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Social studies

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  • | 11:00 a.m. February 26, 2016
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The top-performing social media post for the Tampa Bay Rays last year had little to do with baseball.

Instead, it was a short video of a marriage proposal.

The woman throwing the first pitch prior to a game was brutally abused years before, by a former boyfriend. She eventually fell in love with one of the EMT first responders from that incident. When the Rays asked her to throw the first pitch, he surprised her on the mound holding a ball with the message, “Will you marry me?” That post had 16 million impressions.

For the two-person social media department with the Rays, run by Amy Miller, 34, that social media score is the equivalent of a bottom of the ninth, game-winning grand slam. Miller's department, working with assistance from tools supplied by Major League Baseball Advanced Media, has one core challenge: to learn which social media actions drive ticket sales.

With such a large pool of sites, from Facebook to Periscope, there are a lot of options. And the Rays don't want to shut out any specific age groups. To avoid that, the team focuses on a wide-net theory, and mostly uses high-traffic sites such as Facebook, Twitter, Instagram and Snapchat. The team now has 702,000 Facebook likes and 290,000 Twitter followers.

In a recent Tech Talk hosted by the Tampa Bay Innovation Center, Miller shared some tips on how other businesses could utilize social media to build sales. Here are excerpts of her presentation:

Avoid salesy posts: You never want to bombard people with sales messages, or they will stop following you, Miller says. “Our sales posts do very minimal, our best posts are our fun videos,” Miller says. “We want you to keep following us, and hopefully that connection will translate into you coming out to a game.”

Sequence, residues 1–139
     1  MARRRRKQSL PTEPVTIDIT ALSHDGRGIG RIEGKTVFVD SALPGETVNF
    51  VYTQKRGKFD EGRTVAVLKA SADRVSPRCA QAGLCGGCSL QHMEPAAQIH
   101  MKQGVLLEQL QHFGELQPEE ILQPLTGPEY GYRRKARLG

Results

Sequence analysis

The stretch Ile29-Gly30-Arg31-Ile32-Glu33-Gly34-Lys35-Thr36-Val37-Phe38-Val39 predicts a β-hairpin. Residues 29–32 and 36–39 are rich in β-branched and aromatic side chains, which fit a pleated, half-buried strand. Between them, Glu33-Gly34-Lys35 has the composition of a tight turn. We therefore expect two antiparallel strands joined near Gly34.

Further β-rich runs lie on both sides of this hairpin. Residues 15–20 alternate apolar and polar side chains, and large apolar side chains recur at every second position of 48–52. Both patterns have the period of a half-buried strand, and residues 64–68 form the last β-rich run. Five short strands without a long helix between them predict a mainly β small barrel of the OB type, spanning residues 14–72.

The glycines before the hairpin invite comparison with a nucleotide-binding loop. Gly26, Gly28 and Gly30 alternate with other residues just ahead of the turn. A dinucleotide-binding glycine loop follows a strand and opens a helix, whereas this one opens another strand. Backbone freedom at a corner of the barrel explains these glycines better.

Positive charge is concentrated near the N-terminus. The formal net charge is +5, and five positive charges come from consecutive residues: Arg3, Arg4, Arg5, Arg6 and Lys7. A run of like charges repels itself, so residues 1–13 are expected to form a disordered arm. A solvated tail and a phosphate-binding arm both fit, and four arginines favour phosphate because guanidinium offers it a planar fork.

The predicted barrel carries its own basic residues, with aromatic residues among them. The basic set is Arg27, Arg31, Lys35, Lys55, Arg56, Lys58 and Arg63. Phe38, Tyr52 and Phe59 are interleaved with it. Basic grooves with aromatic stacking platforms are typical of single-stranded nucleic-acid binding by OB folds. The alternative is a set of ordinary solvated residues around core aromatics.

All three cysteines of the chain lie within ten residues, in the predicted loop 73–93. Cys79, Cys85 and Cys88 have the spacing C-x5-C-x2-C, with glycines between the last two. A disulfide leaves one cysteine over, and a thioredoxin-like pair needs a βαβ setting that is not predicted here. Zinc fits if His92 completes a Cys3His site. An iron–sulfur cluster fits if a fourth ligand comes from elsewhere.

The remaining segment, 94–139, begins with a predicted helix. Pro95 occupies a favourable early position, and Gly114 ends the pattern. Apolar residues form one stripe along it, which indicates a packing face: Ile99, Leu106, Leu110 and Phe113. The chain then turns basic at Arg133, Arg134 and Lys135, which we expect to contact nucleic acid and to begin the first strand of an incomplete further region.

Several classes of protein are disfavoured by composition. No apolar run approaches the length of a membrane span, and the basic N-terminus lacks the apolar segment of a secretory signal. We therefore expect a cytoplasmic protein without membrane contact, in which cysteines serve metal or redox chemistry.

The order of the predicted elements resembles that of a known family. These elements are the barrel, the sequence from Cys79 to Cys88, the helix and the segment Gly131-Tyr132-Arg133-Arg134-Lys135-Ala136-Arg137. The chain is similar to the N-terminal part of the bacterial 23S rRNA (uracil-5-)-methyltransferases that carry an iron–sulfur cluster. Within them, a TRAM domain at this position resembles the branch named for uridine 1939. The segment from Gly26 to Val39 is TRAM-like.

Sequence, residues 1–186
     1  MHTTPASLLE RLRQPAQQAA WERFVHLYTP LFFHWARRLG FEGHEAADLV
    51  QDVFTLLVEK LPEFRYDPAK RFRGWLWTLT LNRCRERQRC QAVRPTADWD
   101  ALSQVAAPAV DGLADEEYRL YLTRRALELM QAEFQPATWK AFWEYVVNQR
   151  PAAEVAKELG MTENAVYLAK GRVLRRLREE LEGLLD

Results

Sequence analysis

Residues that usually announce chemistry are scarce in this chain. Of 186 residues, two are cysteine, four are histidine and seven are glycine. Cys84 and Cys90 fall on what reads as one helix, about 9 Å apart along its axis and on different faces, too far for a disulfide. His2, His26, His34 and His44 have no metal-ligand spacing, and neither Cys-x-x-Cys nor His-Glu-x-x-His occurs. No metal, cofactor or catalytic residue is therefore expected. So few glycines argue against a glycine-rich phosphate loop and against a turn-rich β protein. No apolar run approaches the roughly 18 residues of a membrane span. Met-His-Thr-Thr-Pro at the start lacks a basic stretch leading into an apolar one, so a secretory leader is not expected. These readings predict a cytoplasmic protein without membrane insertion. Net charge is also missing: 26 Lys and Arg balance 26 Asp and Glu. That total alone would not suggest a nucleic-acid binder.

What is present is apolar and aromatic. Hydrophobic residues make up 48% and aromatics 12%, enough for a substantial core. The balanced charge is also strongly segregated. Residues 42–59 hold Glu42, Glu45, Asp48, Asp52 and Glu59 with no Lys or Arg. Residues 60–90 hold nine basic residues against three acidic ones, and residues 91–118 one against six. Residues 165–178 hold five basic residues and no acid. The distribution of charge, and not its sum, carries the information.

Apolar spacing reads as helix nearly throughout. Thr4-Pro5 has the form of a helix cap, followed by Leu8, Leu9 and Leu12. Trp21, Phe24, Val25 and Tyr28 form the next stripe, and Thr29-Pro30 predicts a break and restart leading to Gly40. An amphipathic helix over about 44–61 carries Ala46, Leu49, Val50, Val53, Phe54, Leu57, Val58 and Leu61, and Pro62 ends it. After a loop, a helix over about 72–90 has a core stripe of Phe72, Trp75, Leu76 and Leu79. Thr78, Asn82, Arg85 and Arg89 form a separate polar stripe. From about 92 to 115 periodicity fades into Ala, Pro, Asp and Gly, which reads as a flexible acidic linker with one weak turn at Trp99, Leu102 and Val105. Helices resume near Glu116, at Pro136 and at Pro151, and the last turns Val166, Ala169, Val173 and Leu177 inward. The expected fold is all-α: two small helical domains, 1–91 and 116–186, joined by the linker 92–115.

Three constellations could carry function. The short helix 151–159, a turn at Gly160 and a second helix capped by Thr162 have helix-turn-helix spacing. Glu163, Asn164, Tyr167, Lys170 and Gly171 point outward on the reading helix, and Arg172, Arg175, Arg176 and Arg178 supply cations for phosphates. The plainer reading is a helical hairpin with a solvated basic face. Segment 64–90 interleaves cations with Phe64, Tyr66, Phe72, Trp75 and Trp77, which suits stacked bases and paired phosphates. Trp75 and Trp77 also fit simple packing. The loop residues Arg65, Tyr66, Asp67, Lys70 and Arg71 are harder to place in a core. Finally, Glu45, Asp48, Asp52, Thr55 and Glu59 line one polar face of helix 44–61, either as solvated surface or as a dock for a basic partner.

Follow analytics: Analytics help content managers determine whom they're engaging with and the kind of content they enjoy. Facebook boasts a user base of more than 1.4 billion monthly active users, but keep in mind that the platform is attracting an aging population, Miller says. On the other hand, 90% of Instagram's 400 million monthly active users are under 35, and 68% are female. Instagram also has 15 times more engagement than Facebook, meaning users like, share and comment on posts more often. For a sport with an aging population, Snapchat has been a vehicle for major league baseball teams to attract younger fans.

Monitor attention span: “The shorter the copy we use, the better the posts do,” Miller says. Keeping things short is also more mobile friendly, she adds. The Rays keep all videos under 30 seconds as a general rule of thumb.

Leverage available tools: The Rays use Adobe Social to schedule, automate and track success of various social media campaigns. Using this tool not only allows Miller to track clicks, impressions and engagement, but also the customer conversions and revenue generated from social media campaigns.

Learn from competitors: Rays marketing interns go through the top performing posts for other teams, and MLB Media shares monthly reports on which social media campaigns are successful across the league. A little friendly trash talking with the competitor is also popular, Miller adds.

Don't block comments: “We won't interact, but we'll let you go if you are sad we traded a player,” Miller says. “We want you to get your emotion out, and we want the back and forth with fans.” The team only deletes if a user swears or starts a fight.

Keep a consistent voice: If you have multiple people posting for the same social media site, plan out what will be posted and when, Miller says.

Always be posting: Even during offseason, Miller's team is constantly thinking, “What can we do to stay relevant?” During the Super Bowl, Miller had several posts queued up, ranging from a video of the Rays field converting from a football field to a baseball field, to a joint initiative with Southeastern Guide Dogs during the Puppy Bowl.


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